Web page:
While the US was shooting down the malfunctioning satellite that posed a danger to those on the ground should it have reentered Earth's atmosphere intact, the Chinese were saying that we were escalating the militarization of space by doing so. Never mind the Chinese military has destroyed one of their defunct weather satellites in anti-satellite tests, leaving debris in orbits that endangers existing and future spacecraft. The defunct US spy satellite's debris will reenter the atmosphere over the next 40 days, posing little, if any danger to anyone. But that's not the point.
The Chinese have pressed forward with the militarization of space. Now that we've responded to their efforts we've somehow become the bad guys. So what else is new?
Contrast this operation with what happened a year ago January, when Beijing surprised the world by shooting down one of its weather satellites in a test of its antisatellite capabilities. Not only was the test unannounced, but it took China days to concede that it had happened. Because the satellite was destroyed at an altitude of approximately 850 kilometers, it left countless hazardous particles drifting in orbit that could harm future space flights.
Meanwhile, Washington has gone out of its way both to alert other countries of this operation and to avoid the kind of dangers posed by Beijing's last launch. The satellite was hit at a low altitude to ensure that most of the debris re-enters either to burn up during descent or to land in the ocean. The Pentagon hosted a press conference last week to discuss the diplomatic and technological aspects of the operation. A military spokesman said this week that a press statement will be issued "within an hour" of the missile launch.
The Chinese did their tests in secret. The US was open about it, not hiding anything.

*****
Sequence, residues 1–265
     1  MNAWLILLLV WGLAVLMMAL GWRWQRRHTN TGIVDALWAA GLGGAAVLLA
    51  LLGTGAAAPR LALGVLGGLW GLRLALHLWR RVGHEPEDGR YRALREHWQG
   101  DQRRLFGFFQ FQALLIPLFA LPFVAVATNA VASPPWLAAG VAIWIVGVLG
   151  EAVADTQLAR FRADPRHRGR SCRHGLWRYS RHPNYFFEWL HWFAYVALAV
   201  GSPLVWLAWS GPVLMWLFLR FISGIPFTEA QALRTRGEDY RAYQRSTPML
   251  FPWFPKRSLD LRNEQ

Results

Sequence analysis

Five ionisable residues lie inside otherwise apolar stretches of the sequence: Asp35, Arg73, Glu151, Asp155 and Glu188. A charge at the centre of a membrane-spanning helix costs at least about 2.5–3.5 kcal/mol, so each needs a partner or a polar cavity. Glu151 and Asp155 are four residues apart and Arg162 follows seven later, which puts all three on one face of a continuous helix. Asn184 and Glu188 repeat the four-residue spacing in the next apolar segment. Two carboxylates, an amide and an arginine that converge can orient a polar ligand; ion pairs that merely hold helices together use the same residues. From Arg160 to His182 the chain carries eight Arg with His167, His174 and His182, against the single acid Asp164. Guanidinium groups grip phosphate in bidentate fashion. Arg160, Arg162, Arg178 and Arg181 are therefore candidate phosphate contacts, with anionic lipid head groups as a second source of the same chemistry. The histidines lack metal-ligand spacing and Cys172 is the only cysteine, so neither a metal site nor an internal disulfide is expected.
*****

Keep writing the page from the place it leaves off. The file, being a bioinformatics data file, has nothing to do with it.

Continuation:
But then again, maybe we have hidden something.
Some of the proverbial “talk around the water cooler” at work brought forth the proposal the malfunctioning spy satellite was nothing of the sort. Instead, it was a purpose-built target for testing the new Navy Standard Missile-3 against a spaceborne target to prove it could be used to intercept incoming ballistic missiles or warheads. It may have also served another purpose.
Hitting a satellite the size of a bus in a predictable orbit has to be easier than destroying a ballistic missile launched by an enemy. Even so, the successful shootdown is a useful warning to countries such as Iran, Syria and North Korea that are building ballistic missile programs. In the U.S., it might even silence diehard critics, who still say missile defense is impossible despite a string of successful tests. By the way, the systems used in the satellite shootdown wouldn't be up to the job had the U.S. not withdrawn in 2002 from the Anti-Ballistic Missile Treaty, which imposed serious technological constraints.
It will certainly give our enemies and potential enemies something to think about in the near future.